because  they require data flow information
 that is computed only when optimizing.  If you
              don't  specify  `-O',  you  simply  won't get these

              These warnings occur only for  variables  that  are
              candidates  for  register  allocation.   Therefore,
              they do not occur for a variable that  is  declared
              volatile,  or whose address is taken, or whose size
              is other than 1, 2, 4 or 8 bytes.   Also,  they  do
              not  occur  for  structures, unions or arrays, even
              when they are in registers.

              Note that there may be no warning about a  variable
              that is used only to compute a value that itself is
              never used, because such computations may be deleted
  by  data  flow analysis before the warnings are

              These warnings are made optional because GNU CC  is
              not  smart  enough  to  see all the reasons why the
              code might be correct despite appearing to have  an
              error.  Here is one example of how this can happen:

                int x;
                switch (y)
                  case 1: x = 1;
                  case 2: x = 4;
                  case 3: x = 5;
                foo (x);

              If the value of y is always 1, 2 or 3,  then  x  is
              always  initialized,  but GNU CC doesn't know this.
              Here is another common case:

                int save_y;
                if (change_y) save_y = y, y = new_y;
                if (change_y) y = save_y;

              This has no bug because save_y is used only  if  it
              is set.

              Some  spurious  warnings  can be avoided if you declare
 as volatile all the functions  you  use  that
              never return.

              Warn  if  parentheses  are  omitted in certain contexts.

              When using templates in a C++ program, warn if  debugging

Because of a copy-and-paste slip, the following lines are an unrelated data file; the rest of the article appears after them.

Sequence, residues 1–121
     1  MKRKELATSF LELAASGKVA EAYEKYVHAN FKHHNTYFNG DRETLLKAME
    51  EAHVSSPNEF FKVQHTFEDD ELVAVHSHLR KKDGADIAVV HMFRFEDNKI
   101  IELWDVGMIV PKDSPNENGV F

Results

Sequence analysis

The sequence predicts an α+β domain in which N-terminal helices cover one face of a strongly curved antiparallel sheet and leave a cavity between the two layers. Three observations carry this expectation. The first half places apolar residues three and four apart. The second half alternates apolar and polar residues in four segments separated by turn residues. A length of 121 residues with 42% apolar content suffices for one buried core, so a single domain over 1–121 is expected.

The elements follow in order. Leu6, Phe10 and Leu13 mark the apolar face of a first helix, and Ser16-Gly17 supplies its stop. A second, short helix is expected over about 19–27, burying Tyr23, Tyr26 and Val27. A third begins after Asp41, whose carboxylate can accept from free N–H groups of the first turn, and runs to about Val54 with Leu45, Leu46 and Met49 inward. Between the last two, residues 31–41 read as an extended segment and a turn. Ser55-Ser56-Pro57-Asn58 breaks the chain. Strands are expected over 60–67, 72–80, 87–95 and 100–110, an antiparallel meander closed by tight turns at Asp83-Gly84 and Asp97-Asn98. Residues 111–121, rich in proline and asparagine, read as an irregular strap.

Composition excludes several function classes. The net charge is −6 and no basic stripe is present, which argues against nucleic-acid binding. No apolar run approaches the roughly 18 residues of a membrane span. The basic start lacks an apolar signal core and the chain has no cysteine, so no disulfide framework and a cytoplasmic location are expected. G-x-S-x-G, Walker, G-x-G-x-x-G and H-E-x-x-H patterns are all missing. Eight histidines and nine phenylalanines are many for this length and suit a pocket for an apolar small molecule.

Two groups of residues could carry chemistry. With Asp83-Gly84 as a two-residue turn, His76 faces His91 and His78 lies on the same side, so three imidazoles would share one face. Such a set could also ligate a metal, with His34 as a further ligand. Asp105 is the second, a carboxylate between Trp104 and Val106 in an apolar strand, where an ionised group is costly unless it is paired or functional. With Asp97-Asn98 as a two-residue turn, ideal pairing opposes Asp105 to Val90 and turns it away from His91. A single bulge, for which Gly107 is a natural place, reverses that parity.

is not yet fully available (C++ only).

       -Wall  All  of the above `-W' options combined.  These are
              all the options which pertain to usage that we recommend
  avoiding  and  that  we  believe is easy to
              avoid, even in conjunction with macros.

       The remaining `-W...' options are not implied  by  `-Wall'
       because  they  warn  about  constructions that we consider
       reasonable to use, on occasion, in clean programs.

              Warn about certain constructs that  behave  differently
 in traditional and ANSI C.

          o   Macro  arguments  occurring within string constants
              in the macro body.  These would substitute the  argument
  in  traditional C, but are part of the constant
 in ANSI C.

          o   A function declared external in one block and  then
              used after the end of the block.

          o   A switch statement has an operand of type long.
              Warn  whenever a local variable shadows another local

              Warn whenever two distinct identifiers match in the
              first  len characters.  This may help you prepare a
              program that will compile  with  certain  obsolete,
              brain-damaged compilers.

              Warn about anything that depends on the "size of" a
              function type or of  void.   GNU  C  assigns  these
              types  a size of 1, for convenience in calculations
              with void * pointers and pointers to functions.

              Warn whenever a pointer is cast so as to  remove  a
              type  qualifier from the target type.  For example,
              warn if a const char * is cast to an ordinary  char

              Warn  whenever  a pointer is cast such that the required